I happen to have the new 85mm/f1.8 AF-S, which is a G lens without an aperture ring, on my D7000 since I am testing that lens for photo.net. And I tried that myself.
     
  32. I have one. Pretty sure I can't change aperture in live view. Don't have it on me, I'll double check with my 35 f1.8 at home.
     
  33. ShunCheung

    ShunCheung Administrator

    Well, I can change the aperture on my D7000 in live view using the sub-command dial, with the 85mm/f1.8 AF-S G lens attached.
    Again, the D7000 is a consumer camera, maybe a higher-end consumer camera but still for consumers. At that level, the ability to zoom during video capture is critical. My wife is really into video capture and I use her videocams once in a while; zooming is important for the way we capture video, but we are cerainly not big time cinematographers.
     
  34. Shun, when you change the aperture, does it change the image you see on the LCD? I am wondering if it is because I didn't see the LCD change, that I didn't think you could do it. Like I said, I'll need to double check.
    As for a big time cinematographer, I am not. I do small, short videos, for small businesses, for the web. The D7000 offers great video that is easily "professional" at a great price point.
     
  35. ShunCheung

    ShunCheung Administrator

    Zach, it is like you change the aperture setting, it only takes effect when the image is actually captured. You look thru the traditional viewfinder, the image there doesn't change, but you can see the exposure settings change.
     
  36. A very interesting little hornet's nest I kicked up. I will try the adapter method first. This would just be an occasional 'fool around' because I have very fond memories and some excellent results using the 55mm Micro-Nikkor. However, I also have 2 /35mm, two /50mm, Probably 2/105mm and at least 1 200mm. I inherited some from my step father and had my own. Someone else can get rid of them after I'm gone. I also still have a Nikonos underwater camera circa 1967 with two lenses and a flash attachment. Once I have something, I hang on till the end. Stubborn Irish! Also my Miranda GT with a slew of equipment. Perhaps I should start a museum. Tom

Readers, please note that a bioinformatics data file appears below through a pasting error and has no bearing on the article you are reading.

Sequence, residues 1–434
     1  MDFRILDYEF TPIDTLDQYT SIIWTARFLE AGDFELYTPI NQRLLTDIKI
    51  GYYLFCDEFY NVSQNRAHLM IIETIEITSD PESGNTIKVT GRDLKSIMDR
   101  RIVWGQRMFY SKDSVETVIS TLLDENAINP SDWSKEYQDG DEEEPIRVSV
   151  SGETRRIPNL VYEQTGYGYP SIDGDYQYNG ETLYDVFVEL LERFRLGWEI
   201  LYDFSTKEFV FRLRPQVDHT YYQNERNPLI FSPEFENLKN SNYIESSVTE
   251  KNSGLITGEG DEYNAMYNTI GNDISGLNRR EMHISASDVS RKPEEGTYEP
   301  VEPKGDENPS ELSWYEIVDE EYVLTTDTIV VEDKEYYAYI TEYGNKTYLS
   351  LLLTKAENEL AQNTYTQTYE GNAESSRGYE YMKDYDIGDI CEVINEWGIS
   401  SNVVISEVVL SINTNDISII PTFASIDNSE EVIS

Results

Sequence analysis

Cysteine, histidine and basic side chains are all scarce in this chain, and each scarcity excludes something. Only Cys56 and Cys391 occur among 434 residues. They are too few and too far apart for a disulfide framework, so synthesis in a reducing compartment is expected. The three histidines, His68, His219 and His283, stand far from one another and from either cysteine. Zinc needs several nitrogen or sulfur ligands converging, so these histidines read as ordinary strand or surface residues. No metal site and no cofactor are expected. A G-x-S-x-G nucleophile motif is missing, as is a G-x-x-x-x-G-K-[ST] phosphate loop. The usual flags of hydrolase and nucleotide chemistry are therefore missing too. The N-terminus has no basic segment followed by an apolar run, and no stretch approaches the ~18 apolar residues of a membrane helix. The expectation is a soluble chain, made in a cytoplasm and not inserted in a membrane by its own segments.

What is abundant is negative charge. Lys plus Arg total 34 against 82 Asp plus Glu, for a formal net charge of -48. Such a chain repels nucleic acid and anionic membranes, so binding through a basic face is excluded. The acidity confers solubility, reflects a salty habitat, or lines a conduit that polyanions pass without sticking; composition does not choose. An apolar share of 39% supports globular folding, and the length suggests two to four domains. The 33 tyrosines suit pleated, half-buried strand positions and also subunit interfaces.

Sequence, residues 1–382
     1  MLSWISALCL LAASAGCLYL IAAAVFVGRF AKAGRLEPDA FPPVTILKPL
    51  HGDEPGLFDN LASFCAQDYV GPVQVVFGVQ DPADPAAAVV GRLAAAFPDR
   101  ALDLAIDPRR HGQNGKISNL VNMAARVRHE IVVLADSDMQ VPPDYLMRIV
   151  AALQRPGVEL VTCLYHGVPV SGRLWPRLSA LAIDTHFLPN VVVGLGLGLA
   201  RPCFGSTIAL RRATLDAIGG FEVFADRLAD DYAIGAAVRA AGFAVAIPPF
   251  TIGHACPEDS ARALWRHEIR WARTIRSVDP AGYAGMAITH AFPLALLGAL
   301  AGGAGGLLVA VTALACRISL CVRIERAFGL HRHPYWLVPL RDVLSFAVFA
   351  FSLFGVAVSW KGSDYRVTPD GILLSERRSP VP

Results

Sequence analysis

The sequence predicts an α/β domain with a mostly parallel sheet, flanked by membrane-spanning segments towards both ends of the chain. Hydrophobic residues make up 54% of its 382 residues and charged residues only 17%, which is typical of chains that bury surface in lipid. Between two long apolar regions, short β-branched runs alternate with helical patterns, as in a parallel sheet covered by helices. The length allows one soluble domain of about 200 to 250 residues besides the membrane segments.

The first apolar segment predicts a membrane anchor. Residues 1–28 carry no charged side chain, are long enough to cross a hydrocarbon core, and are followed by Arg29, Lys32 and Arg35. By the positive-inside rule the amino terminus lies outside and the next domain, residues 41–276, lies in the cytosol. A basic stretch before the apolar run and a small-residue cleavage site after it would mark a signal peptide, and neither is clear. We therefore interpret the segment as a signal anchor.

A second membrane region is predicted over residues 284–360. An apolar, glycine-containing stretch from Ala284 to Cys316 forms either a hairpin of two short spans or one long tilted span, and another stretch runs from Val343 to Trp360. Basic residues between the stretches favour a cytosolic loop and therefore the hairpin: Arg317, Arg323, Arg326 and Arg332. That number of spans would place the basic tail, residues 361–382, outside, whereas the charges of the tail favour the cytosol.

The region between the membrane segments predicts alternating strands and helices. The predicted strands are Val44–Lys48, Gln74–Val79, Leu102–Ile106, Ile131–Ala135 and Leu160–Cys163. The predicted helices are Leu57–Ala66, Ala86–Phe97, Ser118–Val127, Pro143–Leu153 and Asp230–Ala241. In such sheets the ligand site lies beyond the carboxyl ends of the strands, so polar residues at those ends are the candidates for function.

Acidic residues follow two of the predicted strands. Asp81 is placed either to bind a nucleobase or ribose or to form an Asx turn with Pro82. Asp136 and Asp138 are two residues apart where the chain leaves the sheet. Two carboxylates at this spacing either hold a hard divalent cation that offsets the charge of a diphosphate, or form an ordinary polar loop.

37. Well Tomas the same with me I don't like to sell my staff too. So as our friends mentioned that the best economical way is
    to go for adaptor and mount them on your canon body. I would also like to add a point these old lenses are way better
    than new ones for macro through reverse ring since you can control the aperture. I normally revers my nikkor 50 mm f1.2
    to me canon 50 mm and I can get amazing shots
    Check out this example

    http://www.flickr.com/photos/42957363@N03/5356391188/in/photostream
     
  38. I will prob catch crap for this, but the old D50 is my suggestion. I have a D300 now, Have had almost everything else. But the D50 still has equal image quality as the D300... (I will catch crap for that I know, but it's true).... It actually makes me upset. It will not meter with non-CPU lenses, but it's digital, so you can play with settings and quess until you find the right exposure (delete) then shoot away. The D50 can be had in mint condition for 180.00. Great little DSLR. The SONY 6MP sensor was great. Not so great auto-focus, but who cares shooting manual. For the record.... Ive had D50, D70, D70s, D80 (2), D90 (2), D200 (3), D2X (1), D300 (2) and too many to list Nikon Film cameras... and I still use a mix-match set of AI, AI-s, AF, and other lenses on all my bodies. Still use an FT-n and FT-2 all the time too....HAVE FUN
     
  39. Charles, you will "catch crap" for it, because it simply is not universally true; saying "it is true" may mean it's true for you. It's surely not true for me. I've had a D50, I have a D300. At ISO 800, RAWs from both cameras, using the same program: give me the D300 anytime. It's cleaner, and the noise is less colour noise and more monochrome (which to the eye is far more acceptable).
    The D50 was and is a great camera, and a good piece of advice to the OP. But for many people, it is not in the same league of image quality as the later cameras - and there is nothing wrong with that.